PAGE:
Alzheimer’s & Power of Attorney

The number of Americans living with Alzheimer’s disease is on the rise. According to the Alzheimer’s Association report for 2019, an estimated 5.8 million Americans of all ages are living with Alzheimer’s and are being cared for by more than 16 million family members. Maybe one of those family members is you!

They project that in thirty years, the number of Alzheimer’s sufferers will reach nearly 14 million.

Children of aging parents who suspect a parent is in the early stages of Alzheimer’s, or have  a parent already diagnosed with the disease, should consider a Power of Attorney (POA).

A POA gives a family member the legal right to step in and make decisions that a parent with an Alzheimer’s or dementia diagnosis is unable to make themselves, or doesn’t want to. 

There are various, even urgent, situations when having a POA is extremely important. For instance, you may need to:

  • Find a trusted money manager to handle day-to-day bill paying and the daily money management of bills, medical and insurance statements, tax preparation, and other personal financial tasks.
  • Act as family spokesperson regarding medical appointments, surgery, and doctor appointments.
  • Take care of things at home if your parents or loved one is still healthy enough to travel in retirement, or at any time they are away from their home.

We hope you will consider us if Daily Money Management is a concern. We are experienced, trusted, and a member of AADMM, the American Association of Daily Money Managers.

Senior Drug Misuse and Abuse

The following article is provided by Cincinnati-based senior home care provider, A Caring Choice. We consider A Caring Choice to be a subject matter expert on senior care and commend them for winning Business of the Year from the Colerain Chamber 2015, and USA Cincinnati Chamber 2014. We encourage our subscribers to sign up for their free monthly newsletter Cincy Senior Corner on their website.

Underestimated and under diagnosed, senior drug misuse and abuse means older adults don’t get the help they need.

seniorMore than 80 percent of seniors age 57 to 85 use at least one daily medication, and more than half take at least five medications or supplements daily, reports The National Institutes of Health (NIH). These older adults are more likely to use long-term prescriptions, use medication improperly, or use another’s medication to save money. All increase the risk of bad drug interactions.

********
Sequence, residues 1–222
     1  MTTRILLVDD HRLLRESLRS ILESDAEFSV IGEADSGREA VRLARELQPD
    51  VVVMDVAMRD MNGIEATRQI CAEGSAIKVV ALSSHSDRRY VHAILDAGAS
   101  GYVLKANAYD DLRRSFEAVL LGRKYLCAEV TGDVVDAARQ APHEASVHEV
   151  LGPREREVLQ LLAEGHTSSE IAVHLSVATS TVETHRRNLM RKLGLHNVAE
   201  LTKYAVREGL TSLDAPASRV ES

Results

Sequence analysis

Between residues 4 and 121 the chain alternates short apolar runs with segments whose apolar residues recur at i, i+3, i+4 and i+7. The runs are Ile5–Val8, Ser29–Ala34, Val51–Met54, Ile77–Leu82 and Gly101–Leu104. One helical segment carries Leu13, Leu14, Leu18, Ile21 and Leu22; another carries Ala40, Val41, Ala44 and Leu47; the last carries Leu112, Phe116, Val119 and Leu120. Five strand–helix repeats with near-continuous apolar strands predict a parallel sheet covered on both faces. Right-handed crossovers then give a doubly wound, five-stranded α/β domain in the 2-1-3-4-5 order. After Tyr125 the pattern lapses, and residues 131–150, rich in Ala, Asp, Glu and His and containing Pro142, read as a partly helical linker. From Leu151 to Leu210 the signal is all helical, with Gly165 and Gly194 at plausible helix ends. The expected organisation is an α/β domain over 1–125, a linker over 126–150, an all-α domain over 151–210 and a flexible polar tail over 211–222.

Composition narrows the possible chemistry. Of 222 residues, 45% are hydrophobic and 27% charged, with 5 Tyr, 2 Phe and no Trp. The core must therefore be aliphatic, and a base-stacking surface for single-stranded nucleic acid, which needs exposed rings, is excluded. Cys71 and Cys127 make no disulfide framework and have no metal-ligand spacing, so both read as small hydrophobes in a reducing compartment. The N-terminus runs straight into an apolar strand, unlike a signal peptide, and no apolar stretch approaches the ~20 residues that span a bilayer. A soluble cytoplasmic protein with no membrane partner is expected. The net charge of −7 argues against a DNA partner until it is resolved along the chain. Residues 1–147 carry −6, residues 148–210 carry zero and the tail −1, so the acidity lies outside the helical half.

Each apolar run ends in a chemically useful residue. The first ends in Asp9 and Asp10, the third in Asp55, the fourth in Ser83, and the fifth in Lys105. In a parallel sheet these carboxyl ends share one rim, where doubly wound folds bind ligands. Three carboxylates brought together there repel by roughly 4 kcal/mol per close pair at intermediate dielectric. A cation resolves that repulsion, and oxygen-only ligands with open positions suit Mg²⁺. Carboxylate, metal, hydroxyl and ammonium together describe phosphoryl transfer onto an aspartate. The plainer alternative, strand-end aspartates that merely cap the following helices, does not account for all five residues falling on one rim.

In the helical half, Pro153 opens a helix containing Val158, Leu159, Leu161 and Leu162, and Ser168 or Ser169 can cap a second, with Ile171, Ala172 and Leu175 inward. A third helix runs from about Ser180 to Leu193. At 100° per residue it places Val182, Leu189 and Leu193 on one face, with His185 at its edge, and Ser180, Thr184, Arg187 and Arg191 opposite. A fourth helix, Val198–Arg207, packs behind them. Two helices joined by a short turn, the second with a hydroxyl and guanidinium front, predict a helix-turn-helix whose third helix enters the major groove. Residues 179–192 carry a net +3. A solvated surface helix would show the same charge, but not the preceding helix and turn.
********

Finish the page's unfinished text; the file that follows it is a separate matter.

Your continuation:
Older adults are in danger of misusing and abusing drugs, particularly by accident. Their bodies have trouble metabolizing drugs. Some medicines they use don’t mix well with other prescribed medications, over-the-counter drugs and herbal remedies. And according to the Food & Drug Administration (FDA), highly addictive drugs for anxiety, pain and insomnia often are prescribed for them.

Possible Causes, Likely Symptoms

Life changes can lead to dependency on drugs (and even alcohol):

  • Retirement, loss of income or financial strain
  • Death of a spouse, family member, close friend or pet
  • Loss of mobility, relocation or nursing home placement
  • Family conflict
  • Mental health decline such as depression, stress and memory loss
  • Physical health decline due to major surgeries and pain

Unfortunately, symptoms of dependency often mimic those of actual diseases and conditions, such as diabetes, dementia or depression, or aging itself, the FDA advises.

Treatment and Prevention

Older adults don’t always realize the risks of drug interactions, may be reluctant to admit a problem or ask for help. If family and friends recognize what’s going on, they may not want to intervene—or believe seniors are less likely to benefit from treatment, or that it’s a waste of resources to try.

A family member or friend may need to accompany a senior on doctor visits, organize the older adult’s prescriptions and monitor his or her daily regimen. Abuse may require detoxification, counseling to change unhealthy thinking patterns, and medications to counter the effects of other drugs or relieve withdrawal symptoms—not to mention ongoing support to recover fully.

Prevention is key:

  • Manufacturers can develop safe, effective and non-addicting pain medications.
  • Doctors can spend more time with patients, look for symptoms, notice increases in amounts and frequency of refill requests, and watch for patients who change providers to get prescriptions they want.
  • Pharmacists can help patients understand instructions for medications and watch for prescription falsifications or alterations.

With the help of family and friends, seniors can:

  • Inform doctors about all prescriptions, over-the-counter medicines, vitamins and dietary and herbal supplements.
  • Ask questions about potential interactions with other drugs and alcohol.
  • Follow pharmacist and label directions.
  • Store medications safely.
  • Get rid of unused or expired medications.

Editor’s remarks: DL MoneyMatters and A Caring Choice may from time to time exchange articles for publishing to our respective audiences. We welcome your feedback and hope that you share it with your friends and colleagues who have an interest in topics related to personal finance and senior care.

The Romance Scammer

The social side of the Internet can be a good and decent tool for the elderly living alone to feel “connected” in a meaningful way with the world outside their home. And for those looking for love online, beware of what may lurk between @ and .com — beware of the romance scammer.

The Society of Certified Senior Advisors (CSA) of which I’m a member, recently blogged about a good Christian man named Joseph and his blossoming online romance with a pink-cheeked English woman named Melanie. Spoiler alert: it doesn’t end well. This is a must read-and-share for anyone who cares about a retired or elderly person who may be “connecting” online.

Read the CSA blog on Romance Scammer »